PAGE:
The one-parameter scaling theory (1PST) of localization^{1,2,3,4} has been instrumental in our current understanding of the metal-insulator transition (MIT) in disordered non-interacting systems. This theory assumes that the scaling function *β*(*g*), determining how the dimensionless conductance *g* changes with system size, depends only on *g* itself, and predicts that the occurrence of a MIT depends on the system dimensionality and its symmetry under time reversal (TR) and spin rotation (SR)^{5,6,7,8,9}. In two dimensions (2D), for both the Gaussian orthogonal ensemble (GOE), where TR and SR symmetries are preserved, and the Gaussian unitary ensemble (GUE), where TR symmetry is violated, the 1PST asserts that all states are localized. On the other hand, for the Gaussian symplectic ensemble (GSE), where TR symmetry is preserved while SR symmetry is violated, there is a MIT. Thus, according to 1PST, despite the presence of spin-orbit scattering (SOS), even an infinitesimal magnetic field that breaks TR causes all states to be localized. At high magnetic fields, the occurrence of the quantum Hall effect indicates that extended states do exist, since in this regime, 1PST should be modified to incorporate two scaling parameters (e.g. the longitudinal conductance and the Hall conductance)^{10,11,12,13}. The question addressed in this work is whether 1PST is still valid (as is widely believed) at weak magnetic fields and spatially fluctuating SOS. Our answer is negative. We show that under these conditions, the band of extended states that exists at zero magnetic field persists at weak magnetic fields, and eventually, with increasing magnetic field, crosses over at some critical field *B*_{c} into a band of critical states that has been shown to exist at strong magnetic fields^{14}. For 0 ≤ *B* < *B*_{c} the bandwidth [−*E*_{c}(*B*), *E*_{c}(*B*)] between the two mobility edges is a slowly decreasing function of *B*.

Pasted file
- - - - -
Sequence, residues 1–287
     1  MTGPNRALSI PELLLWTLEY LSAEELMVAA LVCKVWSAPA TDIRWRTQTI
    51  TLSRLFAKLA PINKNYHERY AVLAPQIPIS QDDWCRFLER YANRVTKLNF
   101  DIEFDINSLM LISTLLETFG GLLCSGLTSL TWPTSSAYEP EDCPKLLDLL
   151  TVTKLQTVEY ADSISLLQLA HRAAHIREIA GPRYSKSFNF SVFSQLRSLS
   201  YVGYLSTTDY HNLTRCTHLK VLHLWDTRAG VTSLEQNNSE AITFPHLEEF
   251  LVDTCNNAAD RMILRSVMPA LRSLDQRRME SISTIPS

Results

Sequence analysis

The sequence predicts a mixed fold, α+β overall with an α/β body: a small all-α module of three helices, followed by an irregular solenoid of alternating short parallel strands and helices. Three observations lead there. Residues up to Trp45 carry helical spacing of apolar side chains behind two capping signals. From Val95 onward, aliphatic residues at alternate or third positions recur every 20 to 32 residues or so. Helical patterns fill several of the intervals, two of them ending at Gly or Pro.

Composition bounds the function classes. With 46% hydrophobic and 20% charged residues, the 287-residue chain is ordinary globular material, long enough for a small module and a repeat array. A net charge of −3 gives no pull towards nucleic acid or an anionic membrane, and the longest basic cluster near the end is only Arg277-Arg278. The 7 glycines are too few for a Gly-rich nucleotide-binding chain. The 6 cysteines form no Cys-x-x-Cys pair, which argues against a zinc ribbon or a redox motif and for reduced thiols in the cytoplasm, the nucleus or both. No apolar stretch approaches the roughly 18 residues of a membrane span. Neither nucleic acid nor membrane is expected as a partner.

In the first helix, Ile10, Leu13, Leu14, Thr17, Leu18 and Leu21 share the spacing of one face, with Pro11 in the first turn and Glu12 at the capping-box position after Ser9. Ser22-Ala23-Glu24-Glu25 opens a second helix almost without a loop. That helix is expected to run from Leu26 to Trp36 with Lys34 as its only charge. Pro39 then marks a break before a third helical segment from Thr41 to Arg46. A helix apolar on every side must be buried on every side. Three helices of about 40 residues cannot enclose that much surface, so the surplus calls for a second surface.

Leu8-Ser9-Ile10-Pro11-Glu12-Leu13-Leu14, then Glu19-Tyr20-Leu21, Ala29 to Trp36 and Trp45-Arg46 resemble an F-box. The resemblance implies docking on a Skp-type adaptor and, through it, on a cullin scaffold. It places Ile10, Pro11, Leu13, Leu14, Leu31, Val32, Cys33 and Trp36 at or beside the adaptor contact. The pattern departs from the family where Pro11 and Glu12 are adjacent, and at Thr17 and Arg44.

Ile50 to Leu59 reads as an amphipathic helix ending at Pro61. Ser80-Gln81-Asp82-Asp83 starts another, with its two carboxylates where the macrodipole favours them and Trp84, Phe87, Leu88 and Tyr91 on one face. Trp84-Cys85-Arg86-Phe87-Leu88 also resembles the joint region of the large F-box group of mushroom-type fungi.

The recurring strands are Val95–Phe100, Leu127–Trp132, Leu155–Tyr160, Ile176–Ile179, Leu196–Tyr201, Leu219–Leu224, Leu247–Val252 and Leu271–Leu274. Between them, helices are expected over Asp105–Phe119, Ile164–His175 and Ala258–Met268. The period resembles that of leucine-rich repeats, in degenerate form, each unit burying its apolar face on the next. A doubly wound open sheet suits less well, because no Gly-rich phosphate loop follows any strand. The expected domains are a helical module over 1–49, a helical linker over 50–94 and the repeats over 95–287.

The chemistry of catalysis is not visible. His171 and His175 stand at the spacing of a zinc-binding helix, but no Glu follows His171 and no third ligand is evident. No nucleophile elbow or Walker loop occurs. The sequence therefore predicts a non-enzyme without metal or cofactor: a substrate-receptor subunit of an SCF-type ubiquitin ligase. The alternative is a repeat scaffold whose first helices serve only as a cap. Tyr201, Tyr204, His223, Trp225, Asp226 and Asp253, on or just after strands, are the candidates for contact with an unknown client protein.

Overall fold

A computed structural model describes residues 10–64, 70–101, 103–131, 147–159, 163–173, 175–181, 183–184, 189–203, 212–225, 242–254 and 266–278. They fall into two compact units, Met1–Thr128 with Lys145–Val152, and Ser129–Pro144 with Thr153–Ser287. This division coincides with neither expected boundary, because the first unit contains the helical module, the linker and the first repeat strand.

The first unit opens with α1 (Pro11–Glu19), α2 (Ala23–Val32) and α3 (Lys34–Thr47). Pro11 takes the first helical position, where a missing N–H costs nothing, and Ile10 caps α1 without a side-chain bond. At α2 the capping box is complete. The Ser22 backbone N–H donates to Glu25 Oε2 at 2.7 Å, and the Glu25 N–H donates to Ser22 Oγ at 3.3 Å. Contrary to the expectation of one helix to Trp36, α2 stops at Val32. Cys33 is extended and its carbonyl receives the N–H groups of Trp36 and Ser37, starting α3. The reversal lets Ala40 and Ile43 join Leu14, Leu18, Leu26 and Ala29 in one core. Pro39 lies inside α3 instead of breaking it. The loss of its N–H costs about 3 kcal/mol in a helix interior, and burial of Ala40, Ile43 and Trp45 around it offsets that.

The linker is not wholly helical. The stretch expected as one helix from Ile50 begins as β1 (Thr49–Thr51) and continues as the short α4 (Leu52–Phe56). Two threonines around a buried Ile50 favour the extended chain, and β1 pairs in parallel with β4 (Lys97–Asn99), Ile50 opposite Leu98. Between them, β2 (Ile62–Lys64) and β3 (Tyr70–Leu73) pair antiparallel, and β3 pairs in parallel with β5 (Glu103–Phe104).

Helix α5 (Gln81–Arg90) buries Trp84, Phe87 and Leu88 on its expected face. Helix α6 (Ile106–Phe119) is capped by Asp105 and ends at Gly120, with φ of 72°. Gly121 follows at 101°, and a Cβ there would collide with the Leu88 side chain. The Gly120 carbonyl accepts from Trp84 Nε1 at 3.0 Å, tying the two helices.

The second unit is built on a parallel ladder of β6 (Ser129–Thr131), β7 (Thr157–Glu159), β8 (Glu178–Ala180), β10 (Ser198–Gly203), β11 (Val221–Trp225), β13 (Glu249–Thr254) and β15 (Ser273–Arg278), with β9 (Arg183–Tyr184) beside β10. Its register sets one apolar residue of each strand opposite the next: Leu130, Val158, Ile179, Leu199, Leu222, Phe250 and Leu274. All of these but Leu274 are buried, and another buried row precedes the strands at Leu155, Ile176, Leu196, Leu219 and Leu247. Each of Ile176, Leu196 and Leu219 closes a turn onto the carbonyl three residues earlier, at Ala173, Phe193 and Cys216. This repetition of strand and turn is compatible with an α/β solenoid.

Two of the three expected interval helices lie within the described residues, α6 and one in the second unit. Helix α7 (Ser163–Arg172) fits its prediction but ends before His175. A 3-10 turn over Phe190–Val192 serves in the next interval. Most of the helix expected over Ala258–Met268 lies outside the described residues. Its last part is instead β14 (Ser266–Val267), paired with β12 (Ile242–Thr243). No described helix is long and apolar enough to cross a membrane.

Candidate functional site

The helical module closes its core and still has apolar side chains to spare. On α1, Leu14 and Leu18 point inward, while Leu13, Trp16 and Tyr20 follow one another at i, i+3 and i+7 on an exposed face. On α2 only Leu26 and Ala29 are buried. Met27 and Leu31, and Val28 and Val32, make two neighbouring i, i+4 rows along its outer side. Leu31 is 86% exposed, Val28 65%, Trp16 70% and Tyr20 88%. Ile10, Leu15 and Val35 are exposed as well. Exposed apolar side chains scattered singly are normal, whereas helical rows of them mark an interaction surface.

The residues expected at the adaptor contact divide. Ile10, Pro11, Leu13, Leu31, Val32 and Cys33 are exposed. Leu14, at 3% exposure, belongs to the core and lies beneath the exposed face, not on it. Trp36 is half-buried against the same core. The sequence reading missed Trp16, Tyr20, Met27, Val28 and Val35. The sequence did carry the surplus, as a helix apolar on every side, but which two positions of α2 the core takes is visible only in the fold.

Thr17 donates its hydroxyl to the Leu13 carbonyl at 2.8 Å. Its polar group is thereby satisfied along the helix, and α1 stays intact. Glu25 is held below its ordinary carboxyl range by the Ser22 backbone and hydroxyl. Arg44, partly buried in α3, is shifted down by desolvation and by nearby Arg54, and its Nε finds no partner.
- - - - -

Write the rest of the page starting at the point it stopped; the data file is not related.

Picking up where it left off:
To substantiate our claim, we study the nature of non-interacting electronic states in 2D under the influence of weak magnetic field, disorder potential and strongly fluctuating SOS, and carry out two kinds of numerical calculations: The first one studies the nearest level spacing distribution in various energy regimes, in order to identify the localized phase and the appropriate universality classes^{5,6,7,8,9}. The second one consists of highly accurate procedure for identifying MIT, based on the transfer matrix technique and finite-size scaling arguments.